Daroca is an attractive medieval town enclosed by impressive 4km-long walls. As for 2010 many of the town’s historic buildings were in poor condition, which is of course sad, but also conveys a certain charm. The town was named by the Arabs who occupied it for 400 years. During the Peninsular War, Napoleons troops entered Daroca destroying a good part of the Dominican convent.

I have rather unpleasant memories of this rather pleasant place as my coxis jerked out of position here I was adminstered with large shots of painkillers at the friendly local health centre, which in addition to the local fare I also recommend. Read the rest of this entry »

The Arenas de Rey earthquake

February 11th, 2010 by nick

The earthquake in Arenas de Rey, Granada in 1884 was the most deadly in modern Spanish history. The earthquake had an estimated magnitude of 6.5-7 (Richter) and an intensity of 10 (MSK). Almost 800 people were killed and 1,500 were injured. 14,000 homes were destroyed. Most of the town was destroyed and so today’s centre dates back to the end of the 19th century, which was rebuilt with money raised throughout Spain.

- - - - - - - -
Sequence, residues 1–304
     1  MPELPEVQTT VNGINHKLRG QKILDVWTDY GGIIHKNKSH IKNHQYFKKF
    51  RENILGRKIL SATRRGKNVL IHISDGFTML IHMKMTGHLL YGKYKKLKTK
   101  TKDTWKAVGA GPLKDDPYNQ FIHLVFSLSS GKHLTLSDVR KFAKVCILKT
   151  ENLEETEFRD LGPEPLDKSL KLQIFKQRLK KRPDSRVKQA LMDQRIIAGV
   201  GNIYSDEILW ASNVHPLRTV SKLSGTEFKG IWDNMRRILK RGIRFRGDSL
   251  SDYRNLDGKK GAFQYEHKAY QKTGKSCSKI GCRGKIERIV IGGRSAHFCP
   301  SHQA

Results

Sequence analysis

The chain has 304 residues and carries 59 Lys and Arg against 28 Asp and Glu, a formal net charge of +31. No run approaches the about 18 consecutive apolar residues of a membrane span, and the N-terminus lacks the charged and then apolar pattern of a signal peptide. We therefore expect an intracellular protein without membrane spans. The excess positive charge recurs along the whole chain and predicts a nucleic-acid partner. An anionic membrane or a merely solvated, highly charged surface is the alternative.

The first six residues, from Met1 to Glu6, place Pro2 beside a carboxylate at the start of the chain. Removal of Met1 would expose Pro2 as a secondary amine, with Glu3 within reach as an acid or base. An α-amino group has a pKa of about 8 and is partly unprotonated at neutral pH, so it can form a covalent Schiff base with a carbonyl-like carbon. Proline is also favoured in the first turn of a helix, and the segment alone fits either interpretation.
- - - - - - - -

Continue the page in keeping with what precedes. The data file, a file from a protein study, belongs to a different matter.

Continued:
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Site of the Battle of Las Navas de Tolosa

February 11th, 2010 by nick

Battle of Las Navas de Tolosa.jpg

The site of the Battle of Las Navas de Tolosa, one of the most important in Spanish history. The battle took place on 16 July 1212 and was an important turning point in the Reconquista and in the medieval history of Spain. The forces of King Alfonso VIII of Castile were joined by the armies of his Christian rivals, in battle against the Berber Muslim Almohad rulers of the southern half of the Iberian Peninsula. The crushing defeat of the Almohads significantly hastened their decline both in the Iberian Peninsula and in the Maghreb a decade later. It enabled the Christians to take over almost all of southern Spain in the ensuing forty years. The above painting is a somewhat fanciful portrayal.

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Unspoilt fishing village in Asturias

February 10th, 2010 by nick

Lastres is an unpretentious and unspoilt fishing village in Asturias. This is an authentic working fishing village bursting with salty charm.Wonderful fresh fish is to be had at a restaurant at the harbour called El Puerto.